Montgomery County Executive Douglas M. Duncan, averting a legal showdown with the American Civil Liberties Union, yesterday proposed eliminating the county's 30-day limit on the posting of yard signs.
He asked the County Council to scrap an eight-year-old provision of the zoning code that requires residents who exceed the limit to apply for a permit and pay a fee of $29.70.
Duncan's proposal follows a letter the ACLU sent to the county attorney's office two weeks ago threatening legal action if the 30-day limit and permit requirement were not removed from the code.
Citing numerous legal rulings, ACLU attorneys said the provision was unconstitutional because it infringed on the First Amendment right to free speech.
The ACLU represents a group of residents who erected signs to protest plans for construction of what they saw as an oversized house in their Chevy Chase area neighborhood, Brookdale. A limited liability corporation headed by Thomas R. Eldridge, a developer and Somerset Town Council member, bought a 21/2-story house in Brookdale in March and tore it down. The corporation has since broken ground on a house that residents contend will be four stories.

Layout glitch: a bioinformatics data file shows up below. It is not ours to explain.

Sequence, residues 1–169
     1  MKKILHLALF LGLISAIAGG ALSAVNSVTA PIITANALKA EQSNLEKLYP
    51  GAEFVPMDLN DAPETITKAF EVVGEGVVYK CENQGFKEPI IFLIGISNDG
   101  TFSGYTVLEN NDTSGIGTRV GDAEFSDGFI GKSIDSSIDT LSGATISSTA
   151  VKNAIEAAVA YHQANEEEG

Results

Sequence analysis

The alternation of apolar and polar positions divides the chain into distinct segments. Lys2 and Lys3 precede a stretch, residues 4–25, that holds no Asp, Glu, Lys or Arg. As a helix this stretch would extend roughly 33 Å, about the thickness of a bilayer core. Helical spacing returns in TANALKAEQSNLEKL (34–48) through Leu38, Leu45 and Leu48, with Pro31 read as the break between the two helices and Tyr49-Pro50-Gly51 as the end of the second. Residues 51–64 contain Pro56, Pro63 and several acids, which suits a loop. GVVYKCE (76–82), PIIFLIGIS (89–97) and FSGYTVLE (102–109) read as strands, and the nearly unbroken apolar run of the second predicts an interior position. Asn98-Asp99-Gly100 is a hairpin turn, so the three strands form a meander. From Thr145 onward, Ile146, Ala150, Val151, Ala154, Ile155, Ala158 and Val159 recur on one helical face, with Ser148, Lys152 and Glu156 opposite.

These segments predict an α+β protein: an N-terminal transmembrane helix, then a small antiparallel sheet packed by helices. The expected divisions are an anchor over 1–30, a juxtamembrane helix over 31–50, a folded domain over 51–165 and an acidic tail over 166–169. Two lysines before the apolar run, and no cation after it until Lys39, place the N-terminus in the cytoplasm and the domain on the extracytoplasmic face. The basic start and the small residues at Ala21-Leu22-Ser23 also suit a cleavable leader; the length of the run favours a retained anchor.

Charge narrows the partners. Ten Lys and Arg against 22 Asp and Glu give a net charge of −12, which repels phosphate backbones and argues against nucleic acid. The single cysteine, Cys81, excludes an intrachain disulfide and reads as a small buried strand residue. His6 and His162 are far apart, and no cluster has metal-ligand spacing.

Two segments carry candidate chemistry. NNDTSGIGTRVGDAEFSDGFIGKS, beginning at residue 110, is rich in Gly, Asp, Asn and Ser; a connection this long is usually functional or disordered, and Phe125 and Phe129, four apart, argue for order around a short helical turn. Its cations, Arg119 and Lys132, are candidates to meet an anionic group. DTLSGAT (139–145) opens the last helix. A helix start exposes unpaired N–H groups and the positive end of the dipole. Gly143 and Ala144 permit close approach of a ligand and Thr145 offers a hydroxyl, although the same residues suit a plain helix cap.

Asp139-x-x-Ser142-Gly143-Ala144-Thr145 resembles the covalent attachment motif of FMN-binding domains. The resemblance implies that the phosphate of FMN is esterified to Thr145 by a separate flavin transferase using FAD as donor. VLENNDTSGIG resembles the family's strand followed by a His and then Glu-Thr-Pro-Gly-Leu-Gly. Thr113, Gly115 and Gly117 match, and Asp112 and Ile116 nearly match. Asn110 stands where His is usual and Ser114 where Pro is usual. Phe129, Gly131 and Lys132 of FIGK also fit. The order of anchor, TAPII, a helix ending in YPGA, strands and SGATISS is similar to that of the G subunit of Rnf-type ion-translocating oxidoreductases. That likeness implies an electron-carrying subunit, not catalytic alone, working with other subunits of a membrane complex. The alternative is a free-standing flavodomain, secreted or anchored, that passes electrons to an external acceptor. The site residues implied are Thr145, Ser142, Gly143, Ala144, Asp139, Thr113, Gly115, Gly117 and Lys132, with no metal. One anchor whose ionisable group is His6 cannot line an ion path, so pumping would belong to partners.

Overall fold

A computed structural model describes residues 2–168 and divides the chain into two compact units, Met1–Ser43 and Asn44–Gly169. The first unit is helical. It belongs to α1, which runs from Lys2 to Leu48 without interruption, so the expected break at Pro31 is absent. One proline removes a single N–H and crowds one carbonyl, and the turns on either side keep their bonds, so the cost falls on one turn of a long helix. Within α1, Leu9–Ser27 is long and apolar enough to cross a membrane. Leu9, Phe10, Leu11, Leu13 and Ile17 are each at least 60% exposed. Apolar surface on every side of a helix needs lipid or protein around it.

In August, several dozen residents posted signs in their yards that read, "Council Member Eldridge, We Don't Want Your McMansion for Profit in Our Neighborhood!"
Early this month, the county Department of Permitting Services, which in July approved Eldridge's plans for building the house, said the signs had to go. When six residents refused, they were issued a violation notice, the first step toward fines that could have approached $500.
After several days of discussions between the county attorney's office and ACLU lawyers, Duncan (D) agreed to propose the code changes.
"Requiring a private owner to apply and pay for a permit in order to post a sign on private property raises First Amendment issues," Duncan wrote yesterday to council President Tom Perez (D-Silver Spring).
Duncan's proposed changes require council approval. Until the council acts, the Department of Permitting Services has agreed to stop enforcing the 30-day limit.
The change will mean residents can post political signs or advertisements on private property year-round. But the signs must adhere to other zoning regulations that limit them to five feet in height and at least five feet off the property line.
ACLU officials applauded Duncan's position.
"A spirit of cooperation has prevailed," said Richard Griffiths, an ACLU attorney who wrote to Duncan yesterday saying the organization will drop its plan to sue the county.
Griffiths said the restrictions, which have been in effect since 1997, are "offensive to speech."
Last month, the ACLU won assurances from Emmitsburg in Frederick County that it would remove time restrictions from its sign ordinance, Griffiths said.